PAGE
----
A Publishers Weekly Best Book of the Year
Winner of the James Michener/Copernicus Society Fellowship Prize
Lambda Literary Foundation Editor’s Choice Award
“[Chee] says volumes with just a few incendiary words.” —New York Times
“Arresting . . . profound and poetic . . . Chee’s voice is worth listening to.” —San Francisco Chronicle
“Alexander Chee gets my vote for the best new novelist I’ve read in some time. Edinburgh is moody, dramatic—and pure.” —Edmund White
Twelve-year-old Fee is a shy Korean American boy and a newly named section leader of the first sopranos in his local boys’ choir. But when Fee learns how the director treats his section leaders, he is so ashamed he says nothing of the abuse, not even when Peter, his best friend, is in line to be next. When the director is arrested, Fee tries to forgive himself for his silence. But when Peter takes his own life, Fee blames only himself. In the years that follow he slowly builds a new life, teaching near his hometown. There he meets a young student who is the picture of Peter and is forced to confront the past he believed was gone. Told with “the force of a dream and the heft of a life,”* Edinburgh marked Chee “as a major talent whose career will bear watching” (Publishers Weekly).
“A coming-of-age tale in the grand Romantic tradition, where passions run high, Cupid stalks Psyche, and love shares the dance floor with death . . . A lovely, nuanced, never predictable portrait of a creative soul in the throes of becoming.” —Washington Post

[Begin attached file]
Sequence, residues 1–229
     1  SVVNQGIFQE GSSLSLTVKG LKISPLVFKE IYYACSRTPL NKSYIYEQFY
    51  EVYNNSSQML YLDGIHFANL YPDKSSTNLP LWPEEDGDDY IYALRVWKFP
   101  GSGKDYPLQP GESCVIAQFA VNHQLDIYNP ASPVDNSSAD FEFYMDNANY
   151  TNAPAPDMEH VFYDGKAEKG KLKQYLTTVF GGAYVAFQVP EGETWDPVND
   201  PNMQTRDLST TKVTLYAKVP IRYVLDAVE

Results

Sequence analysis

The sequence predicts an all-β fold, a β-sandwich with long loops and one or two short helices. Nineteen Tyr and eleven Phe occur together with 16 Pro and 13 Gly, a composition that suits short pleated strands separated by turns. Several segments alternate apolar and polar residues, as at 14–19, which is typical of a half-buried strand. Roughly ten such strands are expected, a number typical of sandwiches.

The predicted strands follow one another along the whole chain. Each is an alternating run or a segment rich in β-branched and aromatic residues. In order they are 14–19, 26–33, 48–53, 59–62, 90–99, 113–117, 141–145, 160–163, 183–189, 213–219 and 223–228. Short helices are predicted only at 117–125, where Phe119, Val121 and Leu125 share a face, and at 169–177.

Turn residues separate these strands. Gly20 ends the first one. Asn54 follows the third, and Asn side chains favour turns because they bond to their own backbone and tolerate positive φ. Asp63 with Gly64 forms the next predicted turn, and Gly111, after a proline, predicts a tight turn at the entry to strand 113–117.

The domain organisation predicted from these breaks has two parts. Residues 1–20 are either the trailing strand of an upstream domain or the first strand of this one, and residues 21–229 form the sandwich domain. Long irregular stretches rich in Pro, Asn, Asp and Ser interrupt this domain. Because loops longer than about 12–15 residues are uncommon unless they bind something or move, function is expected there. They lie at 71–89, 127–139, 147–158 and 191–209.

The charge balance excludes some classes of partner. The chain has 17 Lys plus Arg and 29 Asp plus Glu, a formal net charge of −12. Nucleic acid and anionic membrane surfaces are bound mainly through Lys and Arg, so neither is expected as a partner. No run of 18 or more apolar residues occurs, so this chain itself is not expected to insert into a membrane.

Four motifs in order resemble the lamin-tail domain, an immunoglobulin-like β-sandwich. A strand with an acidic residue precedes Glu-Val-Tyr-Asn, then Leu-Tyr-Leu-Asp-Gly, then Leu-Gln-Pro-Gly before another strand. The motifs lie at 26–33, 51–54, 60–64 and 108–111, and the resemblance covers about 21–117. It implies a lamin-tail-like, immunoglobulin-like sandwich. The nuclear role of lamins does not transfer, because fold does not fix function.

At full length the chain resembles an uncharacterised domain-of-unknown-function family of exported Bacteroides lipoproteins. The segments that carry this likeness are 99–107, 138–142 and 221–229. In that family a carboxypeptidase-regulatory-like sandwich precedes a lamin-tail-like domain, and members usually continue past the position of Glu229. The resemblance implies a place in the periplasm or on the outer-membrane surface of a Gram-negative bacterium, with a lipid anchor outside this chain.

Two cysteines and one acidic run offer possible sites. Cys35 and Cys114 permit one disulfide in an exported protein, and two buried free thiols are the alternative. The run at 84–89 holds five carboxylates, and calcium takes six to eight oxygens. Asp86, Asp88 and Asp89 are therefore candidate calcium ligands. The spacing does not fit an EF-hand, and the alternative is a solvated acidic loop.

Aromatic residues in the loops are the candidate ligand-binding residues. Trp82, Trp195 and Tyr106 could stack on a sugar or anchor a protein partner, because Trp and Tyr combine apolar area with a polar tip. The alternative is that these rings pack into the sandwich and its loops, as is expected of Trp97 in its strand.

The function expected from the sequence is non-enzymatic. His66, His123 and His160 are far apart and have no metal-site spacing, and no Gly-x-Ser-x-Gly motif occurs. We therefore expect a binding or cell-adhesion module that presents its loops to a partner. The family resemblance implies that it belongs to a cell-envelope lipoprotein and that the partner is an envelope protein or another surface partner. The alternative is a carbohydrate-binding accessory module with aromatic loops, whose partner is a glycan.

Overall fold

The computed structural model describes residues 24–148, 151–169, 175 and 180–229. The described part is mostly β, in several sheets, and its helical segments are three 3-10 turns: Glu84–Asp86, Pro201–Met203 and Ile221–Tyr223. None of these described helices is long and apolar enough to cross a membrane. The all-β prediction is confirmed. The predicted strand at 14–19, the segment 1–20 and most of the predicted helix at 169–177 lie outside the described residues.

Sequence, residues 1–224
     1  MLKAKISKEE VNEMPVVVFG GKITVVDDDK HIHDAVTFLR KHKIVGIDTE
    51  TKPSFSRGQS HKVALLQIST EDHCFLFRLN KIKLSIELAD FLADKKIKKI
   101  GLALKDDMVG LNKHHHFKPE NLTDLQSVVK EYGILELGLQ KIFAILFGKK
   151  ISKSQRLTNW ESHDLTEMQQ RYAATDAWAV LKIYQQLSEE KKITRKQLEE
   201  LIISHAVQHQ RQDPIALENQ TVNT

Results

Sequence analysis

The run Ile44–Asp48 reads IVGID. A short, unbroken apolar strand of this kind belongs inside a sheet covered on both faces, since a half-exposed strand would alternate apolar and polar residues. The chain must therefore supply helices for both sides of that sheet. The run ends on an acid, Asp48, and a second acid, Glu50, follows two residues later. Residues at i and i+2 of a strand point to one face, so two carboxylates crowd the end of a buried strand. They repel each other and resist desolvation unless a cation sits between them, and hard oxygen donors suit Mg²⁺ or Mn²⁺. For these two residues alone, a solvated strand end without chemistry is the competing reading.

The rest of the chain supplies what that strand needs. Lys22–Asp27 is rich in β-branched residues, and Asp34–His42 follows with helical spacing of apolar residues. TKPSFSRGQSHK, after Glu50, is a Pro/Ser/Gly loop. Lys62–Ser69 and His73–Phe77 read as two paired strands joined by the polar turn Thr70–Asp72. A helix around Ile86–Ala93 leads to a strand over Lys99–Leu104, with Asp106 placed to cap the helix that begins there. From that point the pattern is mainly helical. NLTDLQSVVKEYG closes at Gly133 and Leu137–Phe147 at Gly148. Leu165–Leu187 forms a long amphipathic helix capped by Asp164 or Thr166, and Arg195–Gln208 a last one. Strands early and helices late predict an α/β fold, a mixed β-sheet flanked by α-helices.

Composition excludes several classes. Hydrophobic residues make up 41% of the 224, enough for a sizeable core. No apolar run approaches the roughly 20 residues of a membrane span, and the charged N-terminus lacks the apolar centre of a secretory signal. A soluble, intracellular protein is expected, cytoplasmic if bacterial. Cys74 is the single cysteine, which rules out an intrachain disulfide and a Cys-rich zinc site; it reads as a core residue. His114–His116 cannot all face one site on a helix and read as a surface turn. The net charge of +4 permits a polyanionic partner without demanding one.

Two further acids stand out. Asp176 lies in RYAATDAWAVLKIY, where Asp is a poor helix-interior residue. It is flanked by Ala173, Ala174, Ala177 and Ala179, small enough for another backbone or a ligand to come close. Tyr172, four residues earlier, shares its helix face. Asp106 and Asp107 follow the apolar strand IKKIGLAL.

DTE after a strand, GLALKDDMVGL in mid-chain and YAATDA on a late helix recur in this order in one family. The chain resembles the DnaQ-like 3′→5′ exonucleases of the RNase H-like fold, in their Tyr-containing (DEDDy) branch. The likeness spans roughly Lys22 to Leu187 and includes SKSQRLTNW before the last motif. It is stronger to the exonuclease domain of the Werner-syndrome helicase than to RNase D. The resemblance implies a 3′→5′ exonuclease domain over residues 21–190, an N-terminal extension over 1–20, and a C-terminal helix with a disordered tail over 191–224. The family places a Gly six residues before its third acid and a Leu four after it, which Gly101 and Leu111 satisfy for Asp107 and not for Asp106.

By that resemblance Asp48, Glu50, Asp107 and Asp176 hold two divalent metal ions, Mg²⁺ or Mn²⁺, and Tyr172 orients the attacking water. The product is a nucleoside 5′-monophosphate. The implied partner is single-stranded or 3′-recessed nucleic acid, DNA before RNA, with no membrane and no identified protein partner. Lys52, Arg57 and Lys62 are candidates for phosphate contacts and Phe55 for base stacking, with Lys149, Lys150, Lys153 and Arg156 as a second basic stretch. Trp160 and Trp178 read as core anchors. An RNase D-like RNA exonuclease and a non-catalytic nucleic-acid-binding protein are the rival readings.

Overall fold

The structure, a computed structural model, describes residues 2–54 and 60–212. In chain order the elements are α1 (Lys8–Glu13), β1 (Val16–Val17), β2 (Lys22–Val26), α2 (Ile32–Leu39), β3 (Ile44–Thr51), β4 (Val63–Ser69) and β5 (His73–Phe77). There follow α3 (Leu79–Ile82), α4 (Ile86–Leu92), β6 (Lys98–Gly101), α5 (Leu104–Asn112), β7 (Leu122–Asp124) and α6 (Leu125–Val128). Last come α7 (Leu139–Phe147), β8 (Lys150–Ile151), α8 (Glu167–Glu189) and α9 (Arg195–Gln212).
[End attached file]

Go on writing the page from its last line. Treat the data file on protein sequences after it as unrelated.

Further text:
A Korean-American boy tries to deal with the legacy of abuse in Chee's stunning debut novel, which begins in Maine when young Aphias Zee joins a professional boys choir. Zee, who goes by the nickname of Fee, quickly becomes a star because of his soaring soprano voice, but the dark side of making music surfaces in the form of the conductor, a serial pedophile who slowly victimizes his young charges. The conductor manages to hide his propensities during Fee's years in the choir, but once the director is arrested the impact of his crimes begins to emerge: one of Fee's friends commits suicide by immolation and another shoots himself. Fee, meanwhile, embarks on a bizarre journey to find his identity, exploring his bisexuality while dabbling in drugs until he finally learns that his own absent father is also an imprisoned pedophile. Fee seems to settle down when he finally finds a partner, an athletic man named Bridey who was one of his school conquests, but he finds himself shaken to his core when the choir director's son turns up in his life and he is seized by an instant but deadly attraction. Chee is a gifted, poetic writer who takes big risks, from the background and sexual orientation of his protagonist to the chapters dealing with drugs, pedophilia and casual sex with grace and unflinching honesty. A counterpoint to the seamier material is Chee's exploration of Fee's spiritual side, which he delves into using animal imagery from the boy's Korean background; he also pens a wonderfully loving portrait of Fee's humble but spiritually sophisticated grandparents. This novel marks the debut of a major talent whose career will bear watching.